Pentagon Identifies Seventh U.S. Service Member Killed In Afghanistan Ahead of 17-year War Anniversary

U.S. Army Spc. James Slape became the seventh U.S. service member killed in combat in Afghanistan this year when he was killed by a roadside bomb in Afghanistan on October 4, 2018 Facebook

Defense Department officials on Friday identified the seventh U.S. service member killed in Afghanistan this year as Sunday marks the 17-year anniversary of America's longest running war.

U.S. Army Specialist James A. Slape, 23, from Morehead City, North Carolina, was fatally wounded Thursday as he worked to clear an area of improvised explosive devices after a blast had damaged a vehicle in the southern Helmand Province of Afghanistan.

Slape, an explosive ordnance disposal specialist assigned to the 430th Explosive Ordnance Disposal Company, 60th Troop Command, North Carolina Army National Guard, located out of Washington, D.C., had left his vehicle and was working to clear the area when another improvised explosive device detonated, said Sergeant First Class Debra Richardson, a spokeswoman for the NATO Resolute Support mission Kabul via email.

Slape "was medically evacuated to a medical care facility but despite valiant efforts to save him, his wounds were fatal," Richardson said. Slape was posthumously promoted from specialist to sergeant.

The 23-year-old first joined the National Guard in 2013 and graduated from the Army's explosive ordnance disposal course in 2015. He deployed with his unit in April and was scheduled to return home in the spring of 2019, said Lieutenant Colonel Matthew DeVivo, a North Carolina National Guard spokesman.

"We mourn and honor the sacrifice of our service member," said Resolute Support and United States Forces—Afghanistan Commanding General Scott Miller in a press release on Thursday. "We remain committed."

A Taliban spokesmen took credit for the explosion on Thursday via social media.

Slape's death marks the seventh combat fatality in Afghanistan this year for U.S. forces. Another U.S. soldier was killed last month in a non-combat related event shortly after Miller took command of the U.S. advisory mission of roughly 14,000 U.S. forces currently assigned to the U.S.-led NATO coalition last month.

Miller succeeded General John Nicholson, Afghanistan's longest-serving commander of NATO forces. Nicholson told audience members in Kabul last month that Afghans should stop killing their fellow citizens as he urged the Taliban to negotiate a peace deal between the U.S. and Afghan government.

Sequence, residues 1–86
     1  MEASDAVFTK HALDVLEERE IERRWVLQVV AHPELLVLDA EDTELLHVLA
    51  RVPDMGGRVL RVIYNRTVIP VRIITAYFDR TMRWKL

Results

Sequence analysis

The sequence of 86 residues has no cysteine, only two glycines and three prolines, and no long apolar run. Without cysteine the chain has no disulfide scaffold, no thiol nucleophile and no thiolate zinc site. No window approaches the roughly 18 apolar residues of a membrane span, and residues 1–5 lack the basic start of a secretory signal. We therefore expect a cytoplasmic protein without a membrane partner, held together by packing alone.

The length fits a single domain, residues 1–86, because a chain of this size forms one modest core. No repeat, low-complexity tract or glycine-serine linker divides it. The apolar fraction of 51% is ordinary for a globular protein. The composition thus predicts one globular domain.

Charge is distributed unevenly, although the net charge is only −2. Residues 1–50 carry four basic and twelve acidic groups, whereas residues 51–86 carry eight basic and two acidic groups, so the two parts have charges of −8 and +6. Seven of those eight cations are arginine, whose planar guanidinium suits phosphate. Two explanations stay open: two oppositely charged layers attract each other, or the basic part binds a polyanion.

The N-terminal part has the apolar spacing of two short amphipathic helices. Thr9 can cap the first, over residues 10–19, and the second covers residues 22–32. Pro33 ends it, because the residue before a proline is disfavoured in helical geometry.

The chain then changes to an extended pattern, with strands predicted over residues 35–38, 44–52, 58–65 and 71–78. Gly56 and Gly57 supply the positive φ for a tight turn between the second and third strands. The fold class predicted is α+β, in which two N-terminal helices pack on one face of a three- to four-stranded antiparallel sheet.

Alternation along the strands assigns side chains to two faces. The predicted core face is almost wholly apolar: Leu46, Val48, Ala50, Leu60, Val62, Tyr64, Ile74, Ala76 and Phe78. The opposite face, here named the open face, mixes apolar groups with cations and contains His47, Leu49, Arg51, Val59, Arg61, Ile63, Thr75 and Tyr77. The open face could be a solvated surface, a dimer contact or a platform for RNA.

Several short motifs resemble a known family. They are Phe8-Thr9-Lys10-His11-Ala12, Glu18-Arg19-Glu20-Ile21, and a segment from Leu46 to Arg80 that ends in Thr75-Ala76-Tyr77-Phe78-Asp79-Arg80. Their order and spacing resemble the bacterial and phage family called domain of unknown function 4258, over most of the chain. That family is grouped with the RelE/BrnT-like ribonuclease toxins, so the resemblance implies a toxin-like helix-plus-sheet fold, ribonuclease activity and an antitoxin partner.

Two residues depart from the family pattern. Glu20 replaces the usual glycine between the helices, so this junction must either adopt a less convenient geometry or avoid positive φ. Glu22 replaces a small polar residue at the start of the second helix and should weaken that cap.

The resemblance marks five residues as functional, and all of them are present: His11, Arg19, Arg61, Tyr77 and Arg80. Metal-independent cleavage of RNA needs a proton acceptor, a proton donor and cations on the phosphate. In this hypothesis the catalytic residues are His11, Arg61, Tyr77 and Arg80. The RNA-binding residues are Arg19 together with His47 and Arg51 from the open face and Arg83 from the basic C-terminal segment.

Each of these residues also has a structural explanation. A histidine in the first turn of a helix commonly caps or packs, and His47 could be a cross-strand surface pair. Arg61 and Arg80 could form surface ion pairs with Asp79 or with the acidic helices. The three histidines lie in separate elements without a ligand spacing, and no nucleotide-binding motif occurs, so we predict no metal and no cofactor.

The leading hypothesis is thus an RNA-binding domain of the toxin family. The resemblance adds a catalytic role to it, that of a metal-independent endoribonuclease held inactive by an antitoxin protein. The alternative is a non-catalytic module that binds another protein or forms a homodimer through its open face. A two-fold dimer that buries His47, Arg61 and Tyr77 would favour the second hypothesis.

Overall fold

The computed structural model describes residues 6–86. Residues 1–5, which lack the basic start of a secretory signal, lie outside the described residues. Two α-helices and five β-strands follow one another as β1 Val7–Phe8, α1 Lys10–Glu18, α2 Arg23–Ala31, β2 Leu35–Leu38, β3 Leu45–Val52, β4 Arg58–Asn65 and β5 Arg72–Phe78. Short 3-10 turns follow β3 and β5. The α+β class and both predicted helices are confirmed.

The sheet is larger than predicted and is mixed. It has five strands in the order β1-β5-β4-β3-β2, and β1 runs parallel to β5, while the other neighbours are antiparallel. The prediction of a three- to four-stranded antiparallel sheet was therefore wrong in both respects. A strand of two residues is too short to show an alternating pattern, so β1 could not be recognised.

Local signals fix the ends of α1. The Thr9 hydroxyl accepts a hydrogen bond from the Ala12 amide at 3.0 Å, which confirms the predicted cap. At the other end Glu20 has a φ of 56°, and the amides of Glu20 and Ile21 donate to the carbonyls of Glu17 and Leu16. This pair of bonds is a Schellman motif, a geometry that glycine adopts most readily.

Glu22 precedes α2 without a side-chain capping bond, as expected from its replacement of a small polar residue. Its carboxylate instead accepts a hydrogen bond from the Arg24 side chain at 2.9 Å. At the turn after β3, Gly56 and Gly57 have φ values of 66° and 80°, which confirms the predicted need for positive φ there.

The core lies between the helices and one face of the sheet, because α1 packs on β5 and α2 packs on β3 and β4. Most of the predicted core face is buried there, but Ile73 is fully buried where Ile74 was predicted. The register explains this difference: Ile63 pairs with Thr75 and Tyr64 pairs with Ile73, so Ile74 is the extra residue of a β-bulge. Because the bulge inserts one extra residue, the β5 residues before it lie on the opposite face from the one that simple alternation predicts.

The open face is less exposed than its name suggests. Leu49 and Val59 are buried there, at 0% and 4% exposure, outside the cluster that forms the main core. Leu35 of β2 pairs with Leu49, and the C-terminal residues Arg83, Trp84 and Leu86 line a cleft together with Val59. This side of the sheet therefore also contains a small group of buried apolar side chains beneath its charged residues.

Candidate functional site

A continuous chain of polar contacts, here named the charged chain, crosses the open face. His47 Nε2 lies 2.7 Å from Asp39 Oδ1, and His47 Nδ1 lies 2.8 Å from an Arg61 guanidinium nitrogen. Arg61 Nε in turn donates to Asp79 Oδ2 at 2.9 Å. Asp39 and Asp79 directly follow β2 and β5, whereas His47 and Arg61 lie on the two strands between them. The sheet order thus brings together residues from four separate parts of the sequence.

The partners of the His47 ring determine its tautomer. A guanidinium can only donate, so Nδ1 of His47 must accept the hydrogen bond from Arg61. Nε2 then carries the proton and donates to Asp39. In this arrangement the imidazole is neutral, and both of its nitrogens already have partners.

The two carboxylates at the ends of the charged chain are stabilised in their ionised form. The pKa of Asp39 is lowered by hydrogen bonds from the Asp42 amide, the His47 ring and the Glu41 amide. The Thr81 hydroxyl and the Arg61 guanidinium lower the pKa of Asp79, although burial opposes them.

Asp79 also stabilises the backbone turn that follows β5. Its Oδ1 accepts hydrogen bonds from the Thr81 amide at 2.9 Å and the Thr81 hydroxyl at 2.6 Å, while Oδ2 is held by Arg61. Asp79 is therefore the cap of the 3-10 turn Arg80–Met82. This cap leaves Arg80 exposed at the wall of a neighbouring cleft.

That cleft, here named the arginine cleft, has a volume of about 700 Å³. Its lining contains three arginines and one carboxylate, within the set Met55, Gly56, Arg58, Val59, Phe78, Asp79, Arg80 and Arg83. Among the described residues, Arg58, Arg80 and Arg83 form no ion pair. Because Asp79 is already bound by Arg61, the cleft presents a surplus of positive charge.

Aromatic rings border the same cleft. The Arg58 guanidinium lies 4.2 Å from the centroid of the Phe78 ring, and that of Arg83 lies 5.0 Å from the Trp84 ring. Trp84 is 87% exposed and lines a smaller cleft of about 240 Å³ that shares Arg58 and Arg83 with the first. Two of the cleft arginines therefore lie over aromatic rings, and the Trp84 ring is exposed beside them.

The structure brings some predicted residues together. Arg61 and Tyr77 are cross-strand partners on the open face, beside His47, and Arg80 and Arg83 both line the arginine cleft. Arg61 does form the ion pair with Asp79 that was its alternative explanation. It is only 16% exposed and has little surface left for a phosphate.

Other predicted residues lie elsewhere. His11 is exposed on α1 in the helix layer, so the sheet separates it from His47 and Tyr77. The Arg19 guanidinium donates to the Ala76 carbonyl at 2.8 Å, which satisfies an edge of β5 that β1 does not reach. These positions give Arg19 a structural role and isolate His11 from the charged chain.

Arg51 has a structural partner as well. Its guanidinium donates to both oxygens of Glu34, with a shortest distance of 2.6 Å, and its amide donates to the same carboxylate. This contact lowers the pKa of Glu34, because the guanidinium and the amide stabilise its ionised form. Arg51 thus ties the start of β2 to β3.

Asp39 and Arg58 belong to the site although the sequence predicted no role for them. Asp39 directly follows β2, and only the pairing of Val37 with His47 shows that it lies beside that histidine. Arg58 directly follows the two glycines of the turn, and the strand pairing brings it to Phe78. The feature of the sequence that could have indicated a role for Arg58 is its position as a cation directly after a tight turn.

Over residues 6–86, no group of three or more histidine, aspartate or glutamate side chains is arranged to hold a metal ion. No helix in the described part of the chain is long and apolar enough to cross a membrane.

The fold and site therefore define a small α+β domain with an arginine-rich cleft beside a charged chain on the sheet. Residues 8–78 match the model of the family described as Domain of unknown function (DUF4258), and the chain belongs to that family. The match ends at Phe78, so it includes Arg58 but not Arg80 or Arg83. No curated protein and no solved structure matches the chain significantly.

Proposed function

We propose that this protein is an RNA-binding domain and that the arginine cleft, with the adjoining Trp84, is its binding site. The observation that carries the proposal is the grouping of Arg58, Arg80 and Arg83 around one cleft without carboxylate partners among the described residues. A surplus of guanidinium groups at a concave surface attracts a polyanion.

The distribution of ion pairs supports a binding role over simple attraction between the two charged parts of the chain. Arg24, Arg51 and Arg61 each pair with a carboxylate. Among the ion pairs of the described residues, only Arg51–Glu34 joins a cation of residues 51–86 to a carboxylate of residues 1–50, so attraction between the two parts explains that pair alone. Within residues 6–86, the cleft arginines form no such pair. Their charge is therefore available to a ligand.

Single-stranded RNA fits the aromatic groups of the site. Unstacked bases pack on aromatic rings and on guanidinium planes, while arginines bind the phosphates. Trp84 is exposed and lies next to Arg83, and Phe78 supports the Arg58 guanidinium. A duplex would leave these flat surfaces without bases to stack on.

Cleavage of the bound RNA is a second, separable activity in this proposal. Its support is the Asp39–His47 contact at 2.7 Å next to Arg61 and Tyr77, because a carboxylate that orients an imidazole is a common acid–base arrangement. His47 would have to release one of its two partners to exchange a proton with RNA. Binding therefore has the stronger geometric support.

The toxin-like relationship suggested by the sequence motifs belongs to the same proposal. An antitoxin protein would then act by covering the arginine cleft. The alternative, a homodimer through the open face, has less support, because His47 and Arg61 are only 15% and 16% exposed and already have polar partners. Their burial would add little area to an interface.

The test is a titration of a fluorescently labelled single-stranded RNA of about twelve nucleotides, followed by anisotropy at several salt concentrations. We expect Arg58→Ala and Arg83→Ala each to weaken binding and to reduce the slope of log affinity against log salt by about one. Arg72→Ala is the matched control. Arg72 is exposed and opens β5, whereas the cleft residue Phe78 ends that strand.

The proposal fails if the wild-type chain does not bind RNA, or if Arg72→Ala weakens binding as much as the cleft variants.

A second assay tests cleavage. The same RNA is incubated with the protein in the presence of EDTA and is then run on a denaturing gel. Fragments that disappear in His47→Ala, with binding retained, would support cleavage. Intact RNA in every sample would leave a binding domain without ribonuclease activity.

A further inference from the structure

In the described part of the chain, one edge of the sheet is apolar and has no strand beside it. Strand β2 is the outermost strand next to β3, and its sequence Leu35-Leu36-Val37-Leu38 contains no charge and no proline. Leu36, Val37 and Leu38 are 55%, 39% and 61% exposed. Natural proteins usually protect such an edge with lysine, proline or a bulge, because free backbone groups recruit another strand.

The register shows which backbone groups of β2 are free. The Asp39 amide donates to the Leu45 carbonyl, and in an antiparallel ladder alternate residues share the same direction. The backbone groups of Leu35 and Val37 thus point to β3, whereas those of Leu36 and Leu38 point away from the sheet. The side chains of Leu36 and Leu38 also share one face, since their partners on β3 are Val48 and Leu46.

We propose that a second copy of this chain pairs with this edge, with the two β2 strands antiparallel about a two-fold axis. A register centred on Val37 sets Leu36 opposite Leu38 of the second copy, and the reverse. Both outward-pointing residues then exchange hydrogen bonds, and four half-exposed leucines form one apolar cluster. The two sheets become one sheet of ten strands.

"Make no mistake: Until you are willing to start talking, we will keep fighting," Nicholson said last month.

The Trump administration has attempted to broker a peace treaty between the Afghan government and the Taliban, but dialogue has stalled as the Taliban desire a complete withdrawal of U.S. forces.

Peace talks could take place in Moscow as the Kremlin annouced in August that the country was seeking to resolve the longstanding conflict between the Afghan government and the Taliban, but no offical date has been set for those meetings.

Meanwhile on Thursday, U.S. Army General Joseph Votel, the commander of U.S. Central Command, located in Tampa, Florida, spoke to reporters at the Pentagon by telephone.

U.S Central Command has jurisdiction over Afghanistan, along with other Middle East countries such as Yemen, Syria, Iraq and Iran. Votel said that Afghan casualties are "an area of important focus" as Afghan national security forces within the military and police undergo significant battlefield losses after a "difficult and bloody summer," which ended on September 23.

Votel did not say how many Afghan troops have been killed this year, but indicated that casualties are increasing, but "the Afghans are sustaining themselves."

The U.S. military command in Kabul does not publically release the numbers of Afghan casualties at the request of the Afghan government.

"What we are trying to do is make sure that the Afghans are employing their forces in a manner that doesn't unnecessarily expose them to these kind of large casualty-producing incidents," Votel said. "One of the particular ways we're trying to do that is through reducing their dependence on these remote, poorly defended, difficult to support and sustain checkpoints that they have in various parts around the country. And so, its specific focus with the Afghan leadership, both political and military, as well as with our advisers on the ground to help them reduce this."

Last month, the highest-ranking enlisted soldier of the U.S. Army's newest adviser brigade deployed to Afghanistan was killed in a insider threat attack.

U.S. Army Command Sergeant Major Timothy A. Bolyard, 42, of Thornton, West Virginia, was on his 13th overseas deployment when he was killed at Forward Operating Base Shank, located in the eastern Logar Province.

The highly-decorated soldier, who was awarded the Bronze Star—the nation's fourth highest military decoration—on six different occasions, was killed after two Afghan police officers opened fire on Bolyard, killing him and wounding another American soldier. The September shooting remains under investigation.

Sunday marks 17 years since the U.S. first entered Afghanistan after the September 11, 2001 terrorist attacks. Since then, more than 2,250 Americans have been killed with another 130 being killed elsewhere while supporting the war. Almost 21,000 have been wounded in America's longest-running war.